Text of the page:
Sunday 25 August 2019

Brendan Cummins: 'Brave new strategy will be needed to halt Limerick train'

Pauric Mahony of Waterford in action against Séamus Flanagan, left, and Kyle Hayes of Limerick during the match. Photo by Piaras Ó Mídheach/Sportsfile
Pauric Mahony of Waterford in action against Séamus Flanagan, left, and Kyle Hayes of Limerick during the match. Photo by Piaras Ó Mídheach/Sportsfile

Brendan Cummins

To me it's clear: Limerick are the best team in the country by four or five points, a side with such skill and work rate that all inter-county managers are now scratching their heads to find a solution.

How to beat them? The first thing is to not fall into the same trap as Waterford. They went long from both the goalkeeper and full-back line far too often and played right into Limerick's hands.

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Limerick try to force you to hit the ball down on top of their half-back line. For Waterford puck-outs Limerick's full-forward line would stand just inside the Déise '45'. They retreat and say to the full-back line: you can have the ball, we don't mind.

But when you look up the pitch you see a forest of green - they're like ants in the middle third. The key is to play two or three passes off the shoulder and then hit the ball in from beyond your '65', but Waterford were forced to go long too early.

That's a recipe for getting isolated and turning the ball over.

But a lot of teams will have got the message. It's going to take a lot of bravery but the team that puts more players behind the ball and runs the ball up the field in waves is going to be the one that gets success against Limerick.

That's where Waterford's troubles began: they had Pauric Mahony and Austin Gleeson playing very deep but they never brought them into the game. They looked isolated playing in their own half-back line.

Contrast that with Tom Morrissey and Gearoid Hegarty: they switch wings and give you a different question every time.

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With hindsight you can say Waterford not changing tack was stupid but to do otherwise, you need confidence in the drills. Over the next few weeks an awful lot of county teams will be practising getting to their own '65' without playing the ball more than 20 yards.

If you can drill that and everyone knows what to do, you have a platform to beat Limerick. If you're not doing that you end up like Waterford, getting bogged down.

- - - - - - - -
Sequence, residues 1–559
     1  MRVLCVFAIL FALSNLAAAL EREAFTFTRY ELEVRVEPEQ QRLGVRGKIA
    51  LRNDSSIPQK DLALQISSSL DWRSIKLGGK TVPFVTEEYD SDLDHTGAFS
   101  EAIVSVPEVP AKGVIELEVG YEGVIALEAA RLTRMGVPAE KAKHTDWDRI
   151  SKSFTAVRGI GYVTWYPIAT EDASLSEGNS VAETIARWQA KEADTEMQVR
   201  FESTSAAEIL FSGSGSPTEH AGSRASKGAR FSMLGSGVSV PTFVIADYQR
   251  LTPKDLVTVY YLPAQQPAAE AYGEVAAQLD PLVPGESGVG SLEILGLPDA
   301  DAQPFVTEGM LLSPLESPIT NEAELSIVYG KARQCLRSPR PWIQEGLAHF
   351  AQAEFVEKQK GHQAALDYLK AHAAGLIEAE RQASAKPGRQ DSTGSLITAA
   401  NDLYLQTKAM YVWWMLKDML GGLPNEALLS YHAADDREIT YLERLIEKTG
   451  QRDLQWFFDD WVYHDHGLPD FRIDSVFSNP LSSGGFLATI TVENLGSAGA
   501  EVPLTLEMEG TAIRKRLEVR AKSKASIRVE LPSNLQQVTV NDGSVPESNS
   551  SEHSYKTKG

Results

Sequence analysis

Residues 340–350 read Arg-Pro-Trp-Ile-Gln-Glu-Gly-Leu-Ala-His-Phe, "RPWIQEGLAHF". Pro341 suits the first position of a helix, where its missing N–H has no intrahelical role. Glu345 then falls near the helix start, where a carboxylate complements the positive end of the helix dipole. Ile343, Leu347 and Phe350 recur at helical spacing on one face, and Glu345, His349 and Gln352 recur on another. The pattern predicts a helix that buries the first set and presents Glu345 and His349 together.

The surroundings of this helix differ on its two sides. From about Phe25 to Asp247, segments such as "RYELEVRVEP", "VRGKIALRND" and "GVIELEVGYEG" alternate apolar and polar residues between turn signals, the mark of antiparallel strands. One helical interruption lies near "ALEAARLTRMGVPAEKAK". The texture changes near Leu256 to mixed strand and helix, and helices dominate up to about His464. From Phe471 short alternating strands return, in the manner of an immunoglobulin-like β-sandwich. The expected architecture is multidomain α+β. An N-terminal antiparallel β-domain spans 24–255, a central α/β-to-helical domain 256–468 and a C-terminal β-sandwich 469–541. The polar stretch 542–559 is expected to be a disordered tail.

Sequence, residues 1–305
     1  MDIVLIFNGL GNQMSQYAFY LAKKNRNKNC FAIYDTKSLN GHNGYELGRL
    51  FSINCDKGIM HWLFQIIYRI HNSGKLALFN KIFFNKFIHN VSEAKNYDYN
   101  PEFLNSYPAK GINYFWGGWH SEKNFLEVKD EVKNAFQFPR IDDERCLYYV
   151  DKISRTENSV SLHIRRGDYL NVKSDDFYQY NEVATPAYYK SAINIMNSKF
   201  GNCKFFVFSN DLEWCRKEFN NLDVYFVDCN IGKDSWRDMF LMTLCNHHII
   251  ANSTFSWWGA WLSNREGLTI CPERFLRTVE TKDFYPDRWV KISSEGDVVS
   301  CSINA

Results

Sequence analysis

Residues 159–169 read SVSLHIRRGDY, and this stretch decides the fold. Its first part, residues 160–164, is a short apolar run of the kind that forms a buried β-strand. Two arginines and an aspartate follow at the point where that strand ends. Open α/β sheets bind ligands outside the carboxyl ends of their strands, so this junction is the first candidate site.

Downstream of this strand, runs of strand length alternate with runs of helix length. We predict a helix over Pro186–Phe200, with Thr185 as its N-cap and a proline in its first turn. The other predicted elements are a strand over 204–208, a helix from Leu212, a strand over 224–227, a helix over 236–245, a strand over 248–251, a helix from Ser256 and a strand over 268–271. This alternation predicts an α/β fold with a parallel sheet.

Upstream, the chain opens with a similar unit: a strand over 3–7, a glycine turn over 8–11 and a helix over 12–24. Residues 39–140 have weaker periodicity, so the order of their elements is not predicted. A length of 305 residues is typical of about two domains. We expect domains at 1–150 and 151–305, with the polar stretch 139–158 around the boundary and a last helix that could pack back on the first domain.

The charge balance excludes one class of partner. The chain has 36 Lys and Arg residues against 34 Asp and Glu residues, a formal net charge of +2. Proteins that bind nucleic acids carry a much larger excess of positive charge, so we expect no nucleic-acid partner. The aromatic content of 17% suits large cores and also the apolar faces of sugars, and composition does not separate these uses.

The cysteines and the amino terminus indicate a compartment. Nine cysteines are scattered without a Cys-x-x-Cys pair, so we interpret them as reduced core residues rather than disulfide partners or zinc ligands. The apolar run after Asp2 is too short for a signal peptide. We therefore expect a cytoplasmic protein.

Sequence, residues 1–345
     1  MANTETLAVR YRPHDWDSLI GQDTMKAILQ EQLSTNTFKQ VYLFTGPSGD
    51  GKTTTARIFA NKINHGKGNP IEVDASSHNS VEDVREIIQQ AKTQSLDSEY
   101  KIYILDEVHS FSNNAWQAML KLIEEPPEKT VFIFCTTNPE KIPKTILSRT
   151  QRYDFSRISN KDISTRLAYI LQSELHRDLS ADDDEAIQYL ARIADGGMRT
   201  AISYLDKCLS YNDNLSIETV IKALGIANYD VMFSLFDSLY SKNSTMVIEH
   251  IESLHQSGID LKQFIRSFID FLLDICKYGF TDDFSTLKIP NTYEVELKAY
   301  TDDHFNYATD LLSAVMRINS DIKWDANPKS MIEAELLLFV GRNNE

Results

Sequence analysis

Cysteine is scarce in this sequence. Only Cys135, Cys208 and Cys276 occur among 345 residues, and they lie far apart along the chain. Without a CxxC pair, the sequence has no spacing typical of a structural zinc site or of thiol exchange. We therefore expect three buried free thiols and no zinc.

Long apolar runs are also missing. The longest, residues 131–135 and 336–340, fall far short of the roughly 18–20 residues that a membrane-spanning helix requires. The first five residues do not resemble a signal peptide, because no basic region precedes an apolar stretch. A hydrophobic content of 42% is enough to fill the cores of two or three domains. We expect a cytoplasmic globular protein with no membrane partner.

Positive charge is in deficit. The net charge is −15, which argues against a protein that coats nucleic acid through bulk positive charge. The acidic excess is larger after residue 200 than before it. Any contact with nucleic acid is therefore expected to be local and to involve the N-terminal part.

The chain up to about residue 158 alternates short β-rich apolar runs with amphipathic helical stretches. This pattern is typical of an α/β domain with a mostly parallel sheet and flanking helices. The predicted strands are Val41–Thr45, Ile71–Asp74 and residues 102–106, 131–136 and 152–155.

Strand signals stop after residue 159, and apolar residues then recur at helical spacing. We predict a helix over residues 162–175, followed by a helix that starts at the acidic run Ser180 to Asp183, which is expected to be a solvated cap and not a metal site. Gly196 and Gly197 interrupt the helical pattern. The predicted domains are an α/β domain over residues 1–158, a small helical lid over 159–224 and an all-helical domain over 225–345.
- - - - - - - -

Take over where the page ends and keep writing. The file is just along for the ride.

Their appetite to defend is key. Limerick swarm you, isolate you, choke you - a case in point was how they suffocated Waterford on their own puck-outs yesterday.

The pockets of success for Waterford were by creating an overlap in the middle third. That's the only way to beat Limerick - there's a huge reward for being brave inside your own '65' and running the ball out, so the corner-back plays a one-two with the wing-back and you forget about hitting it any more than 20 yards.

Limerick's process is so strong that everybody has clarity on what their role is. When they get the ball they're spinning it around, they have willing runners coming from every angle, and they take massive pride in taking it off you, a bit like Pep Guardiola's Barcelona.

They're committing two, three or four extra bodies to that middle third. Some would call it kamikaze hurling because it leaves players free elsewhere, but they got to Waterford so fast when they had the ball. The technique in the tackle is obviously drilled: hand in, eye on ball and hurl up to cover release.

It takes huge confidence and trust to sprint off your man and back yourself to get to the ball carrier before he gets his head up, but that's their key trait in defence.

They also have no shortage of stars. Aaron Gillane was absolutely amazing yesterday. The only time I've seen an inside forward do that kind of damage with power and wrists was Eoin Kelly.

Then Cian Lynch is just a wizard around the middle third. Most county teams have skilful players, but most don't have the skilful players with the desire to work that he has. It's like finding a diamond.

On TV we only see him coming into shot but what you don't see are the runs he makes back to cover the number 10 or 11 or 12 that the opposition has to make sure Declan Hannon is able to sit.

But all over, Limerick are making good decisions and working for each other, and the key question now for the rest is: can you change your strategy in a short time specifically to play against them?

To me, Clare have the best shot. Why? Maybe it's because they've also been trained by Paul Kinnerk so the styles are similar.

They have been Limerick's kryptonite in their last couple of matches. They flood the middle third with as many bodies as they can, and your key against Limerick is not bodies ahead of the ball, but bodies in line and behind it so they can run it rugby-style up the pitch.

The hype around Limerick is only set to increase and that's the biggest test heading into the Munster Championship. The shadow boxing is over, and all teams from here on will be showing their hand.

Some will feel mirroring Limerick's style may be enough, but for me a team has to have its own identity and values and make them stronger than all-comers - that includes the reigning All Ireland and league champions.

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